To calculate this, multiply your total active customers by your average revenue per user.

Customer Lifetime Value

Secondly, Going one step further that the MRR is breaking down revenue potential per customer. However, with the Customer Lifetime Value (CLV) you can calculate the total revenue that you expect an individual customer to generate during their relationship with your company. The increase or decrease of this value over time can even help you determine if your customers are satisfied with your offerings or if you need to reevaluate.

You can calculate CLV by multiplying your average purchase value by the average frequency rate, then multiply that figure by your average customer lifespan.

Find Out What Your Customers Think

Customer service is no longer just about answering calls and emails. It’s about furthering your customer relationships. Customer happiness is directly affected by how issues are resolved. Customers want to feel like they are being heard and they want their issues resolved quickly.

Below are three metrics that you can employ to figure out your customer satisfaction:

First Contact Resolution Rate

Customers value their time. They want their issues solved quickly and smoothly so that they can get back to living their lives. As a result, measuring the resolution rate at first contact is a great metric for customer success.

This metric describes the number of customer support items that are resolved in the first interaction. This is the measure of a great customer support team and has also been proven to reduce churn rate. Calculate this by dividing the number of tickets closed after first contact against your total number of overall tickets.

Customer Satisfaction Score

This metric is similar to the Net Promoter Score but instead of asking if a customer is likely to refer, instead, it asks customers to rate their experience with the company. This gives your business a direct picture of how customers are feeling right after their purchases.

Like the Net Promoter Score, your Customer Satisfaction Score will require a rating scale survey to collect this feedback. Then take the data and divide the total number of positive scores (6-10) to the number of scores captured, then multiply by 100 for percentage.

Qualitative Customer Feedback

The best way to find out if a customer is satisfied is to ask them directly. Find out what they think about your product/service, what they like about your company and what they would like to see changed. A great way to achieve this is through Qualitative Customer Feedback.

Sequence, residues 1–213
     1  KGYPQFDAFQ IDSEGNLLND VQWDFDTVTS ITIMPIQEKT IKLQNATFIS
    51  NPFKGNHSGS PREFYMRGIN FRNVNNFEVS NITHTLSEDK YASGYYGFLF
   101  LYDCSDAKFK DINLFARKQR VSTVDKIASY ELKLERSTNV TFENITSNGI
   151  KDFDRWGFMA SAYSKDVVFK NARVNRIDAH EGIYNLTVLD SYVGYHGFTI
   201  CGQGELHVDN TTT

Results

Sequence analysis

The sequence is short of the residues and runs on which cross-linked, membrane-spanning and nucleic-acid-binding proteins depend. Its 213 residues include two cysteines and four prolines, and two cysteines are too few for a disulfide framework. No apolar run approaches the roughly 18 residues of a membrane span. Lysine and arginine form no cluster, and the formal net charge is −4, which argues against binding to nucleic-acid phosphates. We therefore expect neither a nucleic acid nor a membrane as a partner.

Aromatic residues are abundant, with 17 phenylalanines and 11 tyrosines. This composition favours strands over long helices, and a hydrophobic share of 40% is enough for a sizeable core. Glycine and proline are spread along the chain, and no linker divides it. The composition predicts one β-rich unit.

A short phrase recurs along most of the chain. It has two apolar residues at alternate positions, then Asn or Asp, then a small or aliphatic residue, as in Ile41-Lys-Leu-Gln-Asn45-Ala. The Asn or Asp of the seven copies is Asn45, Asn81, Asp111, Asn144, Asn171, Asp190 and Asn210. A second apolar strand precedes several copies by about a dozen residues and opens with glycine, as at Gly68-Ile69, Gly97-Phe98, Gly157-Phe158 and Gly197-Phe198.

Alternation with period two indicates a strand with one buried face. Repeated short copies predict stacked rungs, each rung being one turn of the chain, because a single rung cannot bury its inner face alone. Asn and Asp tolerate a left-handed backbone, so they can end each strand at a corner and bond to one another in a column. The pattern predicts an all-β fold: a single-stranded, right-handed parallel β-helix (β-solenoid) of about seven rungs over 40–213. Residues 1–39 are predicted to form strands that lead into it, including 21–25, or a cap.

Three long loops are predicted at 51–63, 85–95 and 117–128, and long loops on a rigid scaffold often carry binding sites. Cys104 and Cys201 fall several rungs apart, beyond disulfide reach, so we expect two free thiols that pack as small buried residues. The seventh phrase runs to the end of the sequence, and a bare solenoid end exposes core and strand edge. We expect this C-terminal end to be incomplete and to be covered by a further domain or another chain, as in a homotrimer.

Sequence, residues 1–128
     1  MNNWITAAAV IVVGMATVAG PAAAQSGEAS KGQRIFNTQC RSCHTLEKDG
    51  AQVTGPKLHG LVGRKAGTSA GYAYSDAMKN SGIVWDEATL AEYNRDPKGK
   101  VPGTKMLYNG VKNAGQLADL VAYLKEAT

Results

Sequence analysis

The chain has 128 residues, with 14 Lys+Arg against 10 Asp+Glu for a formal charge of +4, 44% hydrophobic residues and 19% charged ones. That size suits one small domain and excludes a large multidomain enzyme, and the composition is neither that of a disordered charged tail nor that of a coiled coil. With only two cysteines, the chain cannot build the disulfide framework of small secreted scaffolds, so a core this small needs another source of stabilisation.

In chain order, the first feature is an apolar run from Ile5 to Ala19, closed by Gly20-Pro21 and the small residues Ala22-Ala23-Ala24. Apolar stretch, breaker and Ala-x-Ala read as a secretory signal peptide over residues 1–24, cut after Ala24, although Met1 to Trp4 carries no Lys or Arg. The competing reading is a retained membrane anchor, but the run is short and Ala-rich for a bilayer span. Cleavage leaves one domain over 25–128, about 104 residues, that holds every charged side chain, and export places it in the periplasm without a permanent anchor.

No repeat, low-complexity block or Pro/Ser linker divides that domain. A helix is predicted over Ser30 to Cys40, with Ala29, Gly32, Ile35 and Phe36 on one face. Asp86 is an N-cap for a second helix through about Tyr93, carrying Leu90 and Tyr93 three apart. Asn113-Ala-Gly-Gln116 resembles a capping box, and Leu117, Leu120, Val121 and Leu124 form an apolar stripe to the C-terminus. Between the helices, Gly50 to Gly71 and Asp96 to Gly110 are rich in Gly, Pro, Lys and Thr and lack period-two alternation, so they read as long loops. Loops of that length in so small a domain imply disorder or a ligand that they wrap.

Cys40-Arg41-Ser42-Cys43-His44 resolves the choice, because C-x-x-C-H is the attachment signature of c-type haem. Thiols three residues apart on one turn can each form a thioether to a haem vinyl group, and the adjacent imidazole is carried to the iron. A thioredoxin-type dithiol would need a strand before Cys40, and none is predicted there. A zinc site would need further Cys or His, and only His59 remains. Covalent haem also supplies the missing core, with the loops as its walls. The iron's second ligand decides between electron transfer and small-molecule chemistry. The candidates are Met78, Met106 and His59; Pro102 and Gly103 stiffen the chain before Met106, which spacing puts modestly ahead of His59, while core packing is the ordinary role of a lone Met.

This gives customers the chance to give insights on exactly how they feel about your company and its offerings and as such, builds trust between you and the customer. Customer Success Managers can also gauge how well individual reps are working with customers based on this feedback.

The best way to acquire Qualitative Customer Feedback is through surveys and questionnaires. These can be sent out after a purchase or periodically sent to your customer base. Another option for collecting feedback is holding some sort of appreciation event or customer day where your customers can come in and you can talk to them face to face.

For more information on how to keep your customer’s happy and coming back, check out this blog

Measure Your Renewals

Similar to measuring revenue, renewals are also one of the oldest and most important ways to measure both company and customer success.

Renewal Rate

If a customer renews that means that they are happy enough with your company to stick with you. If your renewal rate is high that means your product and team are effective at customer success but if the rate is low it may be time to evaluate and find out where the problem lies.

Calculate your renewal rate by dividing the number of customers who renewed by the number who were up for renewal. Then multiply by 100 for percentage.

Use these metrics to monitor whether or not your customer success is in fact succeeding. Grow your business by making sure that you nurture these relationships and keep your customers happy.

For more information on Renewing with your CRM Vendor, check out this short video!